instance, to determine actions for revocation, invalidity and
infringement, as well as having power to grant provisional measures.
Secondly, the 'judicial panel' would consist of legal and technical
members appointed by the Council. The Commission paper envisages
the panel sitting in two sections, each consisting of two legal
members and one technical member,
and that the panel might deal with around 120-150 cases a year.
Thirdly, the judicial panel would have the same seat as the Court
of First Instance, but with the possibility of regional chambers
should the workload so require.
The Government's view
6.7 In her Explanatory Memorandum of 14 October 2002
the Parliamentary Under-Secretary of State for Competition, Consumers
and Markets at the Department of Trade and Industry (Miss Melanie
Johnson) explains that a unitary patent will offer a further route
for acquiring patent protection in Europe and will assist UK companies
to develop in the single market. The Minister adds that the unitary
nature of the Community patent will reduce the administrative
burden for business and its establishment alongside existing patent
protection will increase choice and allow greater flexibility
of use by companies for their patent portfolios.
6.8 The Minister further explains that the question of
jurisdiction is of paramount importance to the legal certainty
sought by the Community patent system, and comments that the unitary
Community jurisdiction envisaged in the Commission's working document
should prevent the possibility of inconsistent decisions. The
Minister notes that the Commission working paper envisages the
creation of regional chambers but comments that it will be important
to ensure that arrangements for such chambers do not foster a
divergence of approach which would undermine the single Community-wide
jurisdictional system, which the Minister regards as the main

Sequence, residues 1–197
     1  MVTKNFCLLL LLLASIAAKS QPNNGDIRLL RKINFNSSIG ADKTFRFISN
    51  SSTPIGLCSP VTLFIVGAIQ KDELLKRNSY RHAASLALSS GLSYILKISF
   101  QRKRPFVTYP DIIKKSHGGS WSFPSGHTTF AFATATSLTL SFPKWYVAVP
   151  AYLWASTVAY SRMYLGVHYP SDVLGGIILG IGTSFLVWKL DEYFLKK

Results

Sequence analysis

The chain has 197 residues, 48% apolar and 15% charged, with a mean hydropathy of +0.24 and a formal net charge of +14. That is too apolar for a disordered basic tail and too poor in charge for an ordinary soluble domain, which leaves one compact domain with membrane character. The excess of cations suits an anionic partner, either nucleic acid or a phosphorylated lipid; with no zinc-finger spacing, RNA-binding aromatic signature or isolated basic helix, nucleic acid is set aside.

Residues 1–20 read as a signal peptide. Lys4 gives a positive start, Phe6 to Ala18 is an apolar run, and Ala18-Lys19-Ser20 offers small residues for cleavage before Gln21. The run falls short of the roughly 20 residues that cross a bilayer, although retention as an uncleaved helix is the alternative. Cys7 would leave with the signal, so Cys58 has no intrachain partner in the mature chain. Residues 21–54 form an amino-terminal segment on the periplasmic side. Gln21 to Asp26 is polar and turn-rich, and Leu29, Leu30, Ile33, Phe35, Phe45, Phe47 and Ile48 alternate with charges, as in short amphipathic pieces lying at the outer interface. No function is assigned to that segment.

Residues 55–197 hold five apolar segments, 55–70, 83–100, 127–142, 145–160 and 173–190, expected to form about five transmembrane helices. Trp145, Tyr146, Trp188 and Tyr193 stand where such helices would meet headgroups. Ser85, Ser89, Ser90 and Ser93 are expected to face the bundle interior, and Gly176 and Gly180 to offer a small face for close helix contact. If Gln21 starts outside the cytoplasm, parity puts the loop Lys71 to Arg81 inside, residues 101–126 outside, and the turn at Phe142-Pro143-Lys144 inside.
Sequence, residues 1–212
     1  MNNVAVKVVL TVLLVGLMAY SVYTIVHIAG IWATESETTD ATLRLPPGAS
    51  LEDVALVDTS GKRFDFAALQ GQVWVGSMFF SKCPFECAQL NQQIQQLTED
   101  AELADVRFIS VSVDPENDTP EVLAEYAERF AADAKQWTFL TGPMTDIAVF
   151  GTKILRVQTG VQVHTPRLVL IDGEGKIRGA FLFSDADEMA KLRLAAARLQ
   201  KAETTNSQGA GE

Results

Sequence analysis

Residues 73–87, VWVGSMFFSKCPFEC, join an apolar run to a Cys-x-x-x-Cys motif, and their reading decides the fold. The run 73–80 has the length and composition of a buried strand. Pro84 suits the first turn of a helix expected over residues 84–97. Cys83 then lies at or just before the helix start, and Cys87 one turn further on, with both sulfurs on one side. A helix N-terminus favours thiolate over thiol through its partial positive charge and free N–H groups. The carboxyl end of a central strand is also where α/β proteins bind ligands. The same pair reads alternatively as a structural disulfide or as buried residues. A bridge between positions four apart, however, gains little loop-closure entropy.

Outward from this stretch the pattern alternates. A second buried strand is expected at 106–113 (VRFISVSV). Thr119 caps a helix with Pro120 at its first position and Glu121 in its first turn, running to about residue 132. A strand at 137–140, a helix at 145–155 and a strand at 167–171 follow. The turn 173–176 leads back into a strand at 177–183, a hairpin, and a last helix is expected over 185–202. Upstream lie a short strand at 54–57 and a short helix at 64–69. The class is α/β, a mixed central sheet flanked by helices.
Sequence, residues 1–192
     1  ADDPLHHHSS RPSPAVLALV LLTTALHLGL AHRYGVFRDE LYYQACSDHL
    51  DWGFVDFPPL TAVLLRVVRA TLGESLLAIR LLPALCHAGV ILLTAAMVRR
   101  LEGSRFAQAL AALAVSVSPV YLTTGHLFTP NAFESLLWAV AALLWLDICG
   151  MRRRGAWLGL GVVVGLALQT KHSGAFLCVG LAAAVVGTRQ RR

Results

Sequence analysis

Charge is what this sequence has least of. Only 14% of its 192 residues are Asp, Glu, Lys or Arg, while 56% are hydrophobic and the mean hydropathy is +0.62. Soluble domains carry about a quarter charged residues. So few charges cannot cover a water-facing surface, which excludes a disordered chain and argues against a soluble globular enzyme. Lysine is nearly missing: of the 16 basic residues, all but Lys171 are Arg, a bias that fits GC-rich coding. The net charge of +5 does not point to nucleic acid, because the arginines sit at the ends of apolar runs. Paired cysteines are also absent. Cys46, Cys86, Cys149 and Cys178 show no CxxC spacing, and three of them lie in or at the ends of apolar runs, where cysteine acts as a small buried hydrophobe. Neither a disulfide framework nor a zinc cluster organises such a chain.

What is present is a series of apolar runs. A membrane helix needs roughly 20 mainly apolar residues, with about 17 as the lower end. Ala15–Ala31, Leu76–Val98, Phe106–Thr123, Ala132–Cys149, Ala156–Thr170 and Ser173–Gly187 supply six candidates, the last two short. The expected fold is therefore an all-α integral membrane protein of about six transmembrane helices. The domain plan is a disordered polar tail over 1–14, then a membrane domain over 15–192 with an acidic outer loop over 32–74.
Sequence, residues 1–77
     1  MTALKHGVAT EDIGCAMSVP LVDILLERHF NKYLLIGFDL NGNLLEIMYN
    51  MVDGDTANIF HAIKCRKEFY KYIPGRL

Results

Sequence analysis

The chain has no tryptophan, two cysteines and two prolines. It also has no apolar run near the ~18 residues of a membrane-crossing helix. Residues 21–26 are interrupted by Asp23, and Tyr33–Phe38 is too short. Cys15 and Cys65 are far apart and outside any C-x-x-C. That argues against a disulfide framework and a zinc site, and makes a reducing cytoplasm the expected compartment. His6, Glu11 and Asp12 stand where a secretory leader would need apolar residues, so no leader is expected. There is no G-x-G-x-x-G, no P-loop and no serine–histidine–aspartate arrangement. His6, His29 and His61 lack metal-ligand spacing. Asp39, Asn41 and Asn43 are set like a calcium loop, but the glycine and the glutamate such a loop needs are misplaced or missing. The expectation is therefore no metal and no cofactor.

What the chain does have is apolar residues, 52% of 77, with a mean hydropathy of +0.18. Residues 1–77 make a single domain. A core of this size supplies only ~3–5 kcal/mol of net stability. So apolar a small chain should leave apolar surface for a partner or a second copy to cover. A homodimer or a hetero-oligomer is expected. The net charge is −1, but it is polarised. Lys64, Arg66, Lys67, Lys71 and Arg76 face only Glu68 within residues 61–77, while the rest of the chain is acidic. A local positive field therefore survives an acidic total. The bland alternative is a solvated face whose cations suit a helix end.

advantage of the Community patent.
6.9 The Minister notes that the Commission working paper
does not propose that the Community judicial panel should have
jurisdiction over compulsory licensing of Community patents, but
points to a view that certain compulsory licensing situations,
particularly where the scope of the patent is to be interpreted,
should be dealt with by the panel.
6.10 The Minister remarks that the implications of the
proposed system for existing national courts, including specialist
patent courts, are not clear at this stage and that much will
depend on the degree to which the Community patent is seen as
more attractive than the national or European patent. The Minister
explains that there have been extensive consultations on the draft
patent Regulation, and that consultation on the detail of the
Commission's working document has begun and will continue as the
negotiations progress. The Minister informs us that most respondents
have cited arrangements for jurisdiction which command the confidence
of UK industry, together with low costs for acquiring and enforcing
Community patents, as the key elements of a successful scheme.
6.11 We thank the Minister for her helpful Explanatory
Memorandum. We note that the Commission Working Document is not
a formal proposal for legislation, but that it is nevertheless
likely to establish the broad outlines of jurisdictional arrangements
for asserting rights under the Community patent.
6.12 Whilst we generally welcome the ideas expressed
in the document, we ask the Minister for an account, in due course,
of the views of the persons she has consulted, particularly on
the question of conferring a compulsory licensing jurisdiction
on the envisaged judicial panel. We shall hold document (b) under
scrutiny pending the Minister's reply.
6.13 With regard to document (a) we shall continue
to hold this under scrutiny pending deposit of a revised version
of the draft Council Regulation together with an Explanatory Memorandum.
225a EC provides that the members of the panel must be persons
'who possess the ability required for appointment to judicial
office'. It would therefore appear that the technical member must
also be legally qualified. Back